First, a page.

When you have finally reached a your optimal level of fitness, you feel on top of the world – and close to indestructible. But even the super fit can pick up aches and pains, or niggling little injuries that are difficult to clear. Not only that, of course, but they could develop into something much worse, and far more long-lasting. In this guide, we’re going to take a look at everything you need to know about what can happen if you neglect your body’s needs when you have these various types of injuries.
Sprains occur when the ligaments or joints suffer a lot of stress – such as when you twist your ankle. While most sprains clear up after a few days or a week or so, the reality is that they can significantly weaken the affected area for some time after, whether you are super fit or not. If you decide to dive back into your sporting action straight away, the chances are it will happen again – and keep repeating until you choose to strengthen the muscles around your ankle. You need to focus on stabilizing your ankle, or you could end up needing surgery.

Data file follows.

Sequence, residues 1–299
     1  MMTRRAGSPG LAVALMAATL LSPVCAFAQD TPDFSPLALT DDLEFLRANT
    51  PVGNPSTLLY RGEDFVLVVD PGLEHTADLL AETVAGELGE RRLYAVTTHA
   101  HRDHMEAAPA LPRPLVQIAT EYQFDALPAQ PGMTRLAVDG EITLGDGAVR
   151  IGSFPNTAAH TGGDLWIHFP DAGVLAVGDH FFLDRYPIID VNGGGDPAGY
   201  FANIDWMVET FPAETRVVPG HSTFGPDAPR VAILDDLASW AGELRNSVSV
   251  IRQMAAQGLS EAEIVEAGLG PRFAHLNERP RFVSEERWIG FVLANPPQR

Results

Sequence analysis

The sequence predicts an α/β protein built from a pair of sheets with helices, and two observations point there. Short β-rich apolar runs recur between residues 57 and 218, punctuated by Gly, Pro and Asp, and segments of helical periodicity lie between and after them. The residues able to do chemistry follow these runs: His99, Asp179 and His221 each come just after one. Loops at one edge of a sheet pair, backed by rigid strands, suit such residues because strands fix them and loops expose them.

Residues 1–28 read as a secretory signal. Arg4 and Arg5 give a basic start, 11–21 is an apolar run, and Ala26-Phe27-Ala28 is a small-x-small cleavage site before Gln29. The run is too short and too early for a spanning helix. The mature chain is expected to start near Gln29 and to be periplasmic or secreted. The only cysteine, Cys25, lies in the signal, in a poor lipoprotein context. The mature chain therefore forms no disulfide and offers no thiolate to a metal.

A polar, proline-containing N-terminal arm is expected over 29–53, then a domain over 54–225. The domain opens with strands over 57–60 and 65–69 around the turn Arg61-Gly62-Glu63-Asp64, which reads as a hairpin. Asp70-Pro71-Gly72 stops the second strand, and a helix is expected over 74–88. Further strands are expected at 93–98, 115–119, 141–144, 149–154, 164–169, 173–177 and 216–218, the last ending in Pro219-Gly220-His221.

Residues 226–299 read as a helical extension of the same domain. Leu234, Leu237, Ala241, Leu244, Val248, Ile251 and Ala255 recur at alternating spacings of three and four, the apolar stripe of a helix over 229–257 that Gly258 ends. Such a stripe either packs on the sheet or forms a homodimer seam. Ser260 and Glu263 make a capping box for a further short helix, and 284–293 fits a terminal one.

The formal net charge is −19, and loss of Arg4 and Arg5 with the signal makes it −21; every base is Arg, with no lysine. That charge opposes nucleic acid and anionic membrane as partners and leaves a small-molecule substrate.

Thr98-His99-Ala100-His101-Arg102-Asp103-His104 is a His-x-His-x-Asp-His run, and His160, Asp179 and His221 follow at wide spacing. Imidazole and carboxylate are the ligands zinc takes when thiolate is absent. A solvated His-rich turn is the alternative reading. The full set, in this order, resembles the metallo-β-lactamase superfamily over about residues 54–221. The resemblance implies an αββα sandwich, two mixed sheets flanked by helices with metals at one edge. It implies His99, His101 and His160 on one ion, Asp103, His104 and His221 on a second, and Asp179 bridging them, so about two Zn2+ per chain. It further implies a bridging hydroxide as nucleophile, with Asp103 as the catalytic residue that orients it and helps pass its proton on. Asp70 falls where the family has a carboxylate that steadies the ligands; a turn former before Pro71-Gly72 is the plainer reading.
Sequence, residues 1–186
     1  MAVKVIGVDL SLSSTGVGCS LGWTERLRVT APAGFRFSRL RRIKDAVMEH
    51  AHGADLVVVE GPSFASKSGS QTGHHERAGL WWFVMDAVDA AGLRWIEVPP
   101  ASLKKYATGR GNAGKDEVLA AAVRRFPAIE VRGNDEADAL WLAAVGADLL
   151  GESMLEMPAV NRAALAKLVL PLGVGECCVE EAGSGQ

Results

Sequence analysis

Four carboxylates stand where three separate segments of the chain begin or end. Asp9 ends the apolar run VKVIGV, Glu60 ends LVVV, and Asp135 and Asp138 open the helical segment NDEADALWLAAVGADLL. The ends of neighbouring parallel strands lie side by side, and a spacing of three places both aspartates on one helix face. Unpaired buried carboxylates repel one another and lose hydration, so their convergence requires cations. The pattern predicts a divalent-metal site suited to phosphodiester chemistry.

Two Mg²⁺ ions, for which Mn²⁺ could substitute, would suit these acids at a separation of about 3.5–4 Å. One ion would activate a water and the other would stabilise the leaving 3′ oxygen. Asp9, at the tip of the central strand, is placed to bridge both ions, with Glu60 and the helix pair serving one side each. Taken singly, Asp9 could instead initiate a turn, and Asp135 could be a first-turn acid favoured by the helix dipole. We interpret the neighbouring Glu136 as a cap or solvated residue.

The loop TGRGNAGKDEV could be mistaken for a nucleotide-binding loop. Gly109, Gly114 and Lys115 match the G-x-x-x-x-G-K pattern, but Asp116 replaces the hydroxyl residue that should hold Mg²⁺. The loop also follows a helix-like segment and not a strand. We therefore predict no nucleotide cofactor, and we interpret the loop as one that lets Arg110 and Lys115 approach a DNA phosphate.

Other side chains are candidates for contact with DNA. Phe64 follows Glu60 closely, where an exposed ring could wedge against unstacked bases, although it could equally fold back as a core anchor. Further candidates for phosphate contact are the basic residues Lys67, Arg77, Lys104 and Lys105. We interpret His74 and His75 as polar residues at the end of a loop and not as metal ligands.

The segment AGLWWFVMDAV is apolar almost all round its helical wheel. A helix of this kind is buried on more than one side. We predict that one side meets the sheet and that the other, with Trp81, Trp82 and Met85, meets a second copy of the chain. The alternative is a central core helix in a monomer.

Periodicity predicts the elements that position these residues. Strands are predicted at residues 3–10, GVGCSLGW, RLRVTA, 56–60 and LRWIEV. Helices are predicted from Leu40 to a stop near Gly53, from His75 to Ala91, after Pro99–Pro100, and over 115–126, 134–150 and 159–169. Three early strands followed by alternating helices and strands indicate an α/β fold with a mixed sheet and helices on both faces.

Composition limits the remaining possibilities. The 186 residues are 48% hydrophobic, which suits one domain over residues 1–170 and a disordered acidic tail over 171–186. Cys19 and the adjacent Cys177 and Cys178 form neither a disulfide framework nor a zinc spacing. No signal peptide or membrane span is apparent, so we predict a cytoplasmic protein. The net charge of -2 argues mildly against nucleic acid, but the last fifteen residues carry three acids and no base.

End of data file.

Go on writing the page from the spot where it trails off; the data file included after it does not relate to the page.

Hamstring injuries occur when the tendons in the back of your thigh are strained (and hurt like the dickens). In most cases, the result is a minor pull that can cause you some discomfort. But quite often, especially when there is rapid acceleration involved, the hamstrings can snap or rupture. It’s incredibly painful and will significantly impact your mobility. You will need professional guidance, and should focus on building up strength in your thigh muscles.
Hip joint pain
People who play sports that require twisting and flexing at speed – like tennis, soccer, and football – are at risk from over flexing their hips. It can lead to pain, but also, over time, can develop into further problems that could even require Joint Replacement Surgery. It could be damaged cartilage, strains, or even something like femoroacetabular impingement, which means the ball of the hip is knocking against the socket (ouch). If your hip pain lasts longer than a few days after the initial injury, it might be worth speaking to a doctor.
Lots of sports require the use of the elbow – not just tennis. The name ‘tennis elbow’ is the common term for lateral epicondylitis, which is effectively caused by using your elbow too much. If your elbow is pain and tender for longer than a couple of days, get some help. Tennis elbow can sometimes lead to nerve damage, it can become chronic, and may even last for years into the future.
Finally, if you are playing a contact sport of any kind, head injuries are always a risk. And please, do not mess around if you crunch heads with an opponent or teammate. A concussion is serious enough, but if you haven’t recovered properly after a few days, it’s essential to get some more treatment. Lots of things cause headaches, of course, but if it’s a direct result of a clash of heads, it is best to get the all clear.